This post was first published November 1, 2007 and generated almost two dozen reader comments.  Seven years later, we’re still hearing many folks repeat the same misperceptions about tea, often citing one or more of these as an objection to drinking tea.  The intrepid staff at T Ching re-visited the research literature for newer evidence, and again – rather than just tell you it’s so – you can follow the links to read and decide for yourself.

Misperception #1: Tea leads to dehydration. Truth be known, tea does not dehydrate.

Misperception #2: Tea contains a lot of caffeine. Compared to what? See for yourself how it compares to coffee. Look here if you are wondering about soft drinks.

Misperception #3: Tea is bitter. Not if it is brewed correctly. Directions for a delicious cup of tea can be found here.

Misperception #4: Tea makes you anemic. This is a confusing issue due to a lot of contradictory research over the years. The link below is Dr. Oz’s comment on the issue -citing research studies – which gives a clear explanation for all of the confusion. As a result, people who drink tea only occasionally should avoid drinking tea only during meals (milk too for that matter), but regular tea drinkers don’t need to worry. It appears that regular tea drinkers develop larger parotid glands (saliva) which release more PRPs (Proline Rich Proteins) which binds with the tannins creating a PRP/tannin complex that is eliminated from the body without any effect on iron. Read it and drink! Pretty cool, huh! kid playing soccer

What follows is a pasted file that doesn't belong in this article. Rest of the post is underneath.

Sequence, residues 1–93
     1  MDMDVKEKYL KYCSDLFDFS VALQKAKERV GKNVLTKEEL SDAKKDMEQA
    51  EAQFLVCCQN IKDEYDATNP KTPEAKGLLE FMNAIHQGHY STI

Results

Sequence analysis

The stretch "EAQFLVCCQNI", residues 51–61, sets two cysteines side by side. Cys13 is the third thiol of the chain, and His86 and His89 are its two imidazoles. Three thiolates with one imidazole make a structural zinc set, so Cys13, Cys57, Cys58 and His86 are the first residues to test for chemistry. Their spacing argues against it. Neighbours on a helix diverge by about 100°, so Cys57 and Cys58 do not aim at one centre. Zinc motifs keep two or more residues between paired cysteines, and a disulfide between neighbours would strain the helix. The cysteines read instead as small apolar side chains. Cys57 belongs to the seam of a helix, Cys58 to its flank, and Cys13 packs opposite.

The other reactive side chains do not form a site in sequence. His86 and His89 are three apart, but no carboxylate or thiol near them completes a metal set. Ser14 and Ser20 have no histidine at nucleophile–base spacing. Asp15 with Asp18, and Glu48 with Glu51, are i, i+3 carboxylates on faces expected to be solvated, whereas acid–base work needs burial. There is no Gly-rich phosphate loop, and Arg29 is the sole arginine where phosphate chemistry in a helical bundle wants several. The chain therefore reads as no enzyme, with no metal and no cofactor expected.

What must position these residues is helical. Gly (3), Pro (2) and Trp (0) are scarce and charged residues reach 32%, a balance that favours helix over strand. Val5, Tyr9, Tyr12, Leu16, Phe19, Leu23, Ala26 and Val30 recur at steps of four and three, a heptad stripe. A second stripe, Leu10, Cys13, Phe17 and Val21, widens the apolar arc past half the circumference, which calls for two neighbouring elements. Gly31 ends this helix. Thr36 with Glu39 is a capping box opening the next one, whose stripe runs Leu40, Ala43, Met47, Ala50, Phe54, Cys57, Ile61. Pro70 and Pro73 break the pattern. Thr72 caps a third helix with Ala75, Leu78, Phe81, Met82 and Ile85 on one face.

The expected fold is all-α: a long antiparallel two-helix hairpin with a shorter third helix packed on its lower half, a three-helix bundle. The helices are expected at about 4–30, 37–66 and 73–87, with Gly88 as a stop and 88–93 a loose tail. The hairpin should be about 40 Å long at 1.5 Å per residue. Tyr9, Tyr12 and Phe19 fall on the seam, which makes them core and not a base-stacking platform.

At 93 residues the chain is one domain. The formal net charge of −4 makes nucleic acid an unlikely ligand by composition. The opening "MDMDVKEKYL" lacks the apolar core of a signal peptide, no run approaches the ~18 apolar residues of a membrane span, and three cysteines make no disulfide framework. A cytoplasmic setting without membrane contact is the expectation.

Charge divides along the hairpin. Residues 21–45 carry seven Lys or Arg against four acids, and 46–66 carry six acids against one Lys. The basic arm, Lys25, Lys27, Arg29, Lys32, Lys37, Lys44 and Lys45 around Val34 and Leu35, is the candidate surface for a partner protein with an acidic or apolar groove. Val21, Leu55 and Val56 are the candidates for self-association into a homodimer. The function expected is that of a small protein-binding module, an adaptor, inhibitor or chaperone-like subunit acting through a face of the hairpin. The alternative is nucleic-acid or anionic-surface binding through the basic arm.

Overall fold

Misperception #5: Tea is bad for children. Misperceptions 1, 2, and 4 led to this misperception. Turns out that green and white teas have a lot to offer growing children.  Learn the truth. 

Keep drinking the good stuff!

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